Regular GPB contributor Karen Moser-Booth dreams about a car-less, nature-filled future for American cities.
Waiting for your town to green up can be frustrating. You want to take public transportation, but it's not a) reliable b) headed where you need to go c) convenient d) existent e) all of the above. You want your home to be off-the-grid, filled with homebaked goodies from your one-acre front-yard garden. You want a lot more green, and sometimes you just have to be patient. Or, if you're restless like me, you gotta dream.
Imagine a world filled with heirloom products, built to last. A solar-powered, whale-shaped floating garden meanders through our waterways, purify water and making it fit--and free--for all to drink. Bamboo forests filter city air. College students are encouraged to design bike-share stations. An America where it's culturally and structurally easy to be green, as Annie Leonard points out in a recent interview.
Detroit could host the world's largest urban farm, employing the thousands of laid-off automobile workers as farmers. Abandoned strip malls could be transformed into solar-energy farms. Urban planners shift their focus from suburbia to transit-oriented developments (TOD) and waste management offers shoots to pop compost down. Your neighborhood becomes dense. Net-zero-energy buildings become the norm. Toxic industrial sites become mixed-use havens that encourage an active lifestyle. Healthcare bills go down and energy levels go up. Consumption falls and happiness rises.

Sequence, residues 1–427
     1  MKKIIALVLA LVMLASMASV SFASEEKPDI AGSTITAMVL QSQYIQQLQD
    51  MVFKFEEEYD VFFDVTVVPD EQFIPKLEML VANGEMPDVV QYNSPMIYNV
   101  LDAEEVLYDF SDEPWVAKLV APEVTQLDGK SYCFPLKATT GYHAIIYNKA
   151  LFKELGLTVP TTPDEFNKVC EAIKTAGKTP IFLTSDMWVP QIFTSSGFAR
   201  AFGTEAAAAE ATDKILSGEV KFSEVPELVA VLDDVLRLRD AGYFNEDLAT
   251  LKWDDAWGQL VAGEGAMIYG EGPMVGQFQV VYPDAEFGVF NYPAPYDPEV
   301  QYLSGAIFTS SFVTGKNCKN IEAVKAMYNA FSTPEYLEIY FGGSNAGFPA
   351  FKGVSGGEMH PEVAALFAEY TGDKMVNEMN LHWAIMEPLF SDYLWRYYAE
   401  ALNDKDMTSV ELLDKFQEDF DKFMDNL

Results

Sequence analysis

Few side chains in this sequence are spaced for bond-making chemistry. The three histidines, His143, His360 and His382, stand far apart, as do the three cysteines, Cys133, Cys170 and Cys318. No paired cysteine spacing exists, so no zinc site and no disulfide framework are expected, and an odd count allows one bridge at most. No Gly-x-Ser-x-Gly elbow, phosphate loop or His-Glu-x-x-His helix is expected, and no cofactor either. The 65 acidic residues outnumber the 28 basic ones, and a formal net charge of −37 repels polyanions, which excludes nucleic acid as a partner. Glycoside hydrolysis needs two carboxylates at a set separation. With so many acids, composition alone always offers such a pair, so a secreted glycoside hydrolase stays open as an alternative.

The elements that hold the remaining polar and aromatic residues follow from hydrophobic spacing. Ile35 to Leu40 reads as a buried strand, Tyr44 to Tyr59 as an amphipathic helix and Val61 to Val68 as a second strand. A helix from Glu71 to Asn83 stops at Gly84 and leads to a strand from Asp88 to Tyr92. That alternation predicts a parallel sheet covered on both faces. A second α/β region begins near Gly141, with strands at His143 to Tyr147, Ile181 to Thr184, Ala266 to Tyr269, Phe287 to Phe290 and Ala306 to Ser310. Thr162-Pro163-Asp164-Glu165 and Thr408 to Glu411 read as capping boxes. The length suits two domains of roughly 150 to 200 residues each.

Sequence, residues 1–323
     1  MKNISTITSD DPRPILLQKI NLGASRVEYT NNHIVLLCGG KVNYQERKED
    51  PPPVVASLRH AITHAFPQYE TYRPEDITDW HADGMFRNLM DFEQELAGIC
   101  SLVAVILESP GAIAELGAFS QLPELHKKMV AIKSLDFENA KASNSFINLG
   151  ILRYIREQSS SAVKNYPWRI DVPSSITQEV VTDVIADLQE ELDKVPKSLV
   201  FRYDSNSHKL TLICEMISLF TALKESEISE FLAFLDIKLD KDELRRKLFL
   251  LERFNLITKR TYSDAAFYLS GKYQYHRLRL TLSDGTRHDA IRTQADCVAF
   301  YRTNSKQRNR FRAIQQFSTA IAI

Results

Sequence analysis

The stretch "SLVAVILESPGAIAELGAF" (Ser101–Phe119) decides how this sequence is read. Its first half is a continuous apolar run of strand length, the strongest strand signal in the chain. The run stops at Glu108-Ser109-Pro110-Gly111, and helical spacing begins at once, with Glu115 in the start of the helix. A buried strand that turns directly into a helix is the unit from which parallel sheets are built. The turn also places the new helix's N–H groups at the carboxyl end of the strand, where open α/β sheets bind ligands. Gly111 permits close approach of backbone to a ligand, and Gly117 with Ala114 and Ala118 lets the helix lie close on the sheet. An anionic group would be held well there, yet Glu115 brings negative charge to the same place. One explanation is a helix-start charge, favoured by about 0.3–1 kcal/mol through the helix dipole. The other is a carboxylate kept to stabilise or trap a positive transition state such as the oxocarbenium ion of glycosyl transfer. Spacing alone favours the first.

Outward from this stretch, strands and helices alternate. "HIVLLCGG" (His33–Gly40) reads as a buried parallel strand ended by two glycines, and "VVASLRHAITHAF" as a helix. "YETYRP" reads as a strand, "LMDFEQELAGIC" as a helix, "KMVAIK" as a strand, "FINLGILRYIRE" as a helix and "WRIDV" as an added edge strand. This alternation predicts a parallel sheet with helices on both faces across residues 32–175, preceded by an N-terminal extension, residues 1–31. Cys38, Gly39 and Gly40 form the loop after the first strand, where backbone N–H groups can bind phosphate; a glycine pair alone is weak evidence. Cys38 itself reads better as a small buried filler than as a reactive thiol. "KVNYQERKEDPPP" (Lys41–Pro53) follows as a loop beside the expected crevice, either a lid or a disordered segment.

Does this all sound pie-in-the-sky to you? Well, you might want to whip out that ice cream and make it a la mode because these issues are real and they're already on urban designers' and architects' plates. Why? You are the reason why. How can that be? I haven't even figured out how to ditch my car/eat local year-round/garden/fill-in-the-blank.
"People are affected by what their neighbors drive, what their family thinks, what a television personality says about global warming, advertising, the attitudes of other communities and groups, and, of course, what laws are passed." Your green actions do not go unnoticed. Every time you buy local, make improvements to your neighborhood's walkability, inquire about plastic-free options, get behind bike lanes and walking trails, donate or use recycled building materials--every action causes the people who make our towns--architects, urban planners, government officials, real estate developers--to take pause and notice. Your demand for a greener lifestyle tells them to increase their supply of greener buildings, and green buildings are key to a sustainable America.
Buildings account for 38% of carbon emissions in the United States--more than either the industrial or transportation sectors--and they consume 70% of the electricity load. You can (and should) weatherize your home, use a programmable thermostat, Freeze Yer Buns Off, go manual ... and you know what else you can do? You can lower your mortgage bill by hundreds of dollars each month, practically eliminate your energy bills, and be part of the creation of 4.5 million jobs in the U.S. Huh?! Where do I sign? Online, at Architecture 2030. Architect Ed Mazria is convincing major government players to amend the Senate energy bill to include financial tax incentives for deep, major energy retrofitting in private buildings--home, sweet home!--that will actually cost the feds less and produce more jobs than what's currently on tap. If you do any online actions in 2010, let it be this one. And urge your town to adopt a greener building energy code.
This isn't just a dream--this is what we're creating. Be heard greening.
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